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The International Monetary Fund (IMF) has warned that the ongoing war in Europe will have a “severe impact” on the global economy

After the executive board meeting on March 4, the IMF issued a staff statement on the economic consequences of the war in Ukraine on Saturday. The conference was convened by Kristalina Georgieva, managing director of the International Monetary Fund, according to the article. The IMF’s forecast is bleak, and the international financial agency has taken notice of the recent surge in energy and commodity prices.

According to the IMF’s assessment, all of this has increased to “inflationary pressures from supply chain interruptions,” which could slow the recovery of the Covid19 epidemic. “Price shocks will have an impact worldwide,” the IMF continues, “particularly on poor households for whom food and gasoline account for a higher proportion of expenses.”

The IMF paper explains how war-related issues could wreak havoc on economies in a variety of countries. “Should the dispute continue, the economic damage will be far more devastating – Russia’s sanctions will have a big impact on the global economy and financial markets, with considerable spillovers to other countries,” the IMF communications department says.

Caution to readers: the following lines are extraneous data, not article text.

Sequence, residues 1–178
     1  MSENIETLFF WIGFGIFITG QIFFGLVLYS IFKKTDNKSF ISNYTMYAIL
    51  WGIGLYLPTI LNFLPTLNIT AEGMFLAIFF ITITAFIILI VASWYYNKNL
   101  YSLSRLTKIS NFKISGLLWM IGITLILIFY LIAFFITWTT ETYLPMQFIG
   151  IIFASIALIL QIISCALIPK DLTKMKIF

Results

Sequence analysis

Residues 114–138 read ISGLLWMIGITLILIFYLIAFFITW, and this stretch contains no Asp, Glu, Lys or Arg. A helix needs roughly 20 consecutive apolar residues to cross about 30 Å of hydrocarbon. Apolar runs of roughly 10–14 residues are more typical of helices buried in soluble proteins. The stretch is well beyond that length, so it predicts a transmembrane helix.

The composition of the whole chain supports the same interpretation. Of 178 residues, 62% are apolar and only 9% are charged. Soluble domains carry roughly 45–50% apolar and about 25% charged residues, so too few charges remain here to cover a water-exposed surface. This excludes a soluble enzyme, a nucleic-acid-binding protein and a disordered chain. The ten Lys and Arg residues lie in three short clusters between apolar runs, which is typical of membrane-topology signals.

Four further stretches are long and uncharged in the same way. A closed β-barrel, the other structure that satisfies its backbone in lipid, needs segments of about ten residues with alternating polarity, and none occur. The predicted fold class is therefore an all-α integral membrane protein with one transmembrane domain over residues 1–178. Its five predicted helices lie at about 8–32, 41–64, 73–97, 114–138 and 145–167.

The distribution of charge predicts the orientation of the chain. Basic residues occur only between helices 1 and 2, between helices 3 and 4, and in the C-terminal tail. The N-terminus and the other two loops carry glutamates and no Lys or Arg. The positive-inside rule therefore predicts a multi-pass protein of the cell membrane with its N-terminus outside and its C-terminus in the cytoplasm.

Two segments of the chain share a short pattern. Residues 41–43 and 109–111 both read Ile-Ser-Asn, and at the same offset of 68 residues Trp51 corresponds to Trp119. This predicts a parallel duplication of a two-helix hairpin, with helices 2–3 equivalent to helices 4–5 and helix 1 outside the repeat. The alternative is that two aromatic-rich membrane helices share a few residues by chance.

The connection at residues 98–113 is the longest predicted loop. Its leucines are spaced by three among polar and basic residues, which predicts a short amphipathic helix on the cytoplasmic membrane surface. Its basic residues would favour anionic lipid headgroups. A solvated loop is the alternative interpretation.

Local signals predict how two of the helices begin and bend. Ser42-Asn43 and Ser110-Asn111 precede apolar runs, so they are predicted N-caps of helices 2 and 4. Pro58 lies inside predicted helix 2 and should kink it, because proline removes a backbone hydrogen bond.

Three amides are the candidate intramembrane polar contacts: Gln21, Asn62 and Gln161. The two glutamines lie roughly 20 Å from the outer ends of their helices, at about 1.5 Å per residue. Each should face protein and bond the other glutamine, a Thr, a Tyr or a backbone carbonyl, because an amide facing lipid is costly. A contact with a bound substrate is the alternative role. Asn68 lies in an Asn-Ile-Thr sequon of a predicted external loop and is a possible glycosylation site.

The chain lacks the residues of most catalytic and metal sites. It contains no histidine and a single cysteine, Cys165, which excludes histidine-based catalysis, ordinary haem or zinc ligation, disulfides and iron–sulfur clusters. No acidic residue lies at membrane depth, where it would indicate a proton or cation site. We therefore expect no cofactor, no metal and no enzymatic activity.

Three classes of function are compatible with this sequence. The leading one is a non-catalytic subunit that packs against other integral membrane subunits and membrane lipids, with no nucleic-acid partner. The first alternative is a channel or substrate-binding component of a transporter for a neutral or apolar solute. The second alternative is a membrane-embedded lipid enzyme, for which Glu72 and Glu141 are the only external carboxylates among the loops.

The IMF’s pronouncements were released on Saturday in response to recent signs of a looming recession, with one analyst speculating that the economic repercussions could be “10 times worse than the Great Depression.” Inflation has risen, and investors are concerned that hawkish central banks will raise interest rates and reduce big asset purchases. The Federal Reserve in the United States is expected to raise the benchmark interest rate, but some believe the ongoing war in Europe will prevent this.

Ukraine’s essential infrastructure has been damaged, according to the IMF. The IMF announced last week that the country has $2.2 billion in cash available until the end of June. Furthermore, the IMF said on March 1 that the World Bank Consortium, a group of five international institutions that offers leveraged loans to governments, is “preparing a $3 billion package of help in the coming months.”
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